The way billiards gold medallist Robbie Capito dedicated his Hong Kong Sports Institute award to his dad will make you cry

The way billiards gold medallist Robbie Capito dedicated his Hong Kong Sports Institute award to his dad will make you cry

The 16 year-old Hong Kong athlete also credits his parents for nurturing his love of the game


Robbie Capito claimed a gold medal in the boys’ singles at the Asian World Pool Championships last year.
Photo provided by: Robbie Capito

When he was named one of the Hong Kong Sports Institute’s (HKSI) Most Outstanding Junior Athletes of 2017, Robbie James Capito decided to dedicate his award to his late father.

“I would like to give this honour to my dad in heaven because I could not show him my gold medal before he left, so I will continue to work hard for him. [That’s my] goal,” the aspiring billiards star says.

With this aim in mind, Robbie, 16, decided last year to move to Lam Tai Fai College. The school has an athlete cooperation programme with the HKSI, and he hoped to start training full-time.

SOTY 2015: Becoming SOTY Sportsperson is as much a mental game as a physical challenge

“The support provided by my school and the HKSI allows me to continue my sports training and studies in parallel,” Robbie says. “And since I moved to the HKSI athlete hostel, they have been incredibly supportive, and have allowed me to take my billiards training to a new level.”

Robbie, whose parents are Filipino but who was born and raised in Hong Kong, had an amazing 2017 in which he claimed a gold medal in the boys’ singles at the Asian World Pool Championships, and a silver in the boys’ under-17 category at the Junior World 9-ball Championships.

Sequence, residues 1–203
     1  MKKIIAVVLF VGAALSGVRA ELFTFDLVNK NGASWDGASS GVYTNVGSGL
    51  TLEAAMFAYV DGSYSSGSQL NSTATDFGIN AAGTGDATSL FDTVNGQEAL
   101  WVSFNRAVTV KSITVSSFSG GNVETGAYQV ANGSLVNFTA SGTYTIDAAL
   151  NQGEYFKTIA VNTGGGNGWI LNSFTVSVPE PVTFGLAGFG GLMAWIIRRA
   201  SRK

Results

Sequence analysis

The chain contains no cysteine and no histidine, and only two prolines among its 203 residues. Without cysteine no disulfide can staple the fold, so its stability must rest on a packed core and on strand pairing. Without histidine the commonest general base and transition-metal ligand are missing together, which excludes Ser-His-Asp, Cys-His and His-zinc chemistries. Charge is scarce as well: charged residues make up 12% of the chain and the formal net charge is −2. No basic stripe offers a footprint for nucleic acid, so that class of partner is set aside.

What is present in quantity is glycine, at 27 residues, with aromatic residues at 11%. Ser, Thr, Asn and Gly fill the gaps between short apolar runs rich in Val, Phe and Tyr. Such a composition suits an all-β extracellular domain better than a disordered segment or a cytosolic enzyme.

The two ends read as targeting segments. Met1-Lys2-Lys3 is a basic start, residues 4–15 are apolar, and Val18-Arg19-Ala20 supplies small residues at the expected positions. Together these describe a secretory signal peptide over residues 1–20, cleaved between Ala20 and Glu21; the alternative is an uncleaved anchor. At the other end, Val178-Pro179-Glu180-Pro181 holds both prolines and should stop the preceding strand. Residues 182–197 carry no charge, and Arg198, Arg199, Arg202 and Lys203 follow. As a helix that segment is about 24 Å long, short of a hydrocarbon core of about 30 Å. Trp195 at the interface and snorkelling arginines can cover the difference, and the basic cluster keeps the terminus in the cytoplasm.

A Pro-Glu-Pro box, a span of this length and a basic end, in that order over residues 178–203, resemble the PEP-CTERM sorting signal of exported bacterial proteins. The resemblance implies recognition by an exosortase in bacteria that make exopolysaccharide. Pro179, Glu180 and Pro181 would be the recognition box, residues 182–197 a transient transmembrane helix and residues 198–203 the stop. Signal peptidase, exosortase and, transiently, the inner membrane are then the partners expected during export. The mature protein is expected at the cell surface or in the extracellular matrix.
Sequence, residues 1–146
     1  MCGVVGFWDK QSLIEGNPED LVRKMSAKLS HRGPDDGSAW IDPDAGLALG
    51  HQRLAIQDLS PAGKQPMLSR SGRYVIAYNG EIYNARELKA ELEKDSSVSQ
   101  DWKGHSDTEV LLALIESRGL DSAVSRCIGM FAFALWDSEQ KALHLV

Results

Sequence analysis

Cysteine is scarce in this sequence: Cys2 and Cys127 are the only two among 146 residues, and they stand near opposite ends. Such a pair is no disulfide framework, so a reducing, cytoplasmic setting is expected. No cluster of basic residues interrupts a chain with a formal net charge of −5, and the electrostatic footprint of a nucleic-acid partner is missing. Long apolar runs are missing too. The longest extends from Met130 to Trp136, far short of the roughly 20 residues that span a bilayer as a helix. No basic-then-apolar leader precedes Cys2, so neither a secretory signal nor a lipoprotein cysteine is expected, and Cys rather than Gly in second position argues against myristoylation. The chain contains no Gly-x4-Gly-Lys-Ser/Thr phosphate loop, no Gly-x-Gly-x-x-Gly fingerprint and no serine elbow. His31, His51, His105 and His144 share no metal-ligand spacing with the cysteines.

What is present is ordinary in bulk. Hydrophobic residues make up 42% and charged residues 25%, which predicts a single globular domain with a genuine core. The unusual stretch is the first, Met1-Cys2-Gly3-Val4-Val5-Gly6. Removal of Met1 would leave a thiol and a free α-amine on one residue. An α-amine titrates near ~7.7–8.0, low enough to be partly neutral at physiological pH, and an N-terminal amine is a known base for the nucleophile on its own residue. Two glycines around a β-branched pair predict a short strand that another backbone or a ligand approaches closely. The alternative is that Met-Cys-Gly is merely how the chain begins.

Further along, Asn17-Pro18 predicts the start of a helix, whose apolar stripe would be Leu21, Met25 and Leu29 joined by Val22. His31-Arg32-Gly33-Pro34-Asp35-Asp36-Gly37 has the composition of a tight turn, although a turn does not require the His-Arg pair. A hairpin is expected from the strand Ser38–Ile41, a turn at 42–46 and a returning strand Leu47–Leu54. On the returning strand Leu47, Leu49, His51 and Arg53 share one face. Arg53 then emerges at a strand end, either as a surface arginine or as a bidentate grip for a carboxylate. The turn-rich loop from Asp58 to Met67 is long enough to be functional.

This was hardly a fluke, however; he has been playing the sport since he was about two years old.

14-year-old skating star Nicole Chan says mental blocks hurt more than physical falls

“It all started when my mother bought me a mini-table from Toys ’R’ Us. I really enjoyed playing it,” Robbie says.

“When I was around five, my dad realised I had both a strong interest in and talent for playing billiards, so he took me to a pool room and let me practise with full-sized tables.

“Then when I was around eight or nine, my father signed me up for a training course where I met my current coach. [I] started playing really seriously, doing really well in youth competitions and, ultimately, made it onto the Hong Kong team.”

Last year, when Hong Kong snooker star Ng On-yee lifts third world title

Most people think billiards is just a game people play for fun, but Robbie says the atmosphere in tournaments is extremely competitive and intense.

“In billiards, the mental [aspect] is definitely more important than the physical one,” he explains.

“At our level, everyone has good skills, so the mental game – staying calm all the time – is very important. This is so especially before a big-money game because, let’s face it, everyone wants money.”

Snooker star Oliver Tam on why we need more snooker in schools

Clearly, Robbie has taken his mental game to a new level, and he has no plans of slowing down.

He hopes to be the world’s best billiards player – not just in Hong Kong.

“It has always been a childhood dream of mine to become a world number one and a world champion, and I’m absolutely going to keep chasing that goal,” he says.

17-year-old top-ranking taekwondo fighter Charlene Chu on having her mum as her coach and overcoming stage fright

Robbie’s story is all the more incredible considering that he recovered from what he called the toughest year of his life in 2016.

“I wasn’t a full-time athlete yet, I wasn’t getting any good results, and I was extremely depressed,” explains Robbie. “I was able to get through it with the help of my teachers, coaches and friends. They encouraged me to keep going.”

He says the clichéd advice to “work hard and never give up” is the most important piece of advice you can give someone.

“You have to work hard to be successful, there’s no way around it,” Robbie adds. “Work for hours a day, make sure you’re exhausted by the time you finish training. That would be my advice.”

This article appeared in the Young Post print edition as
Putting in the hard yards


To post comments please
register or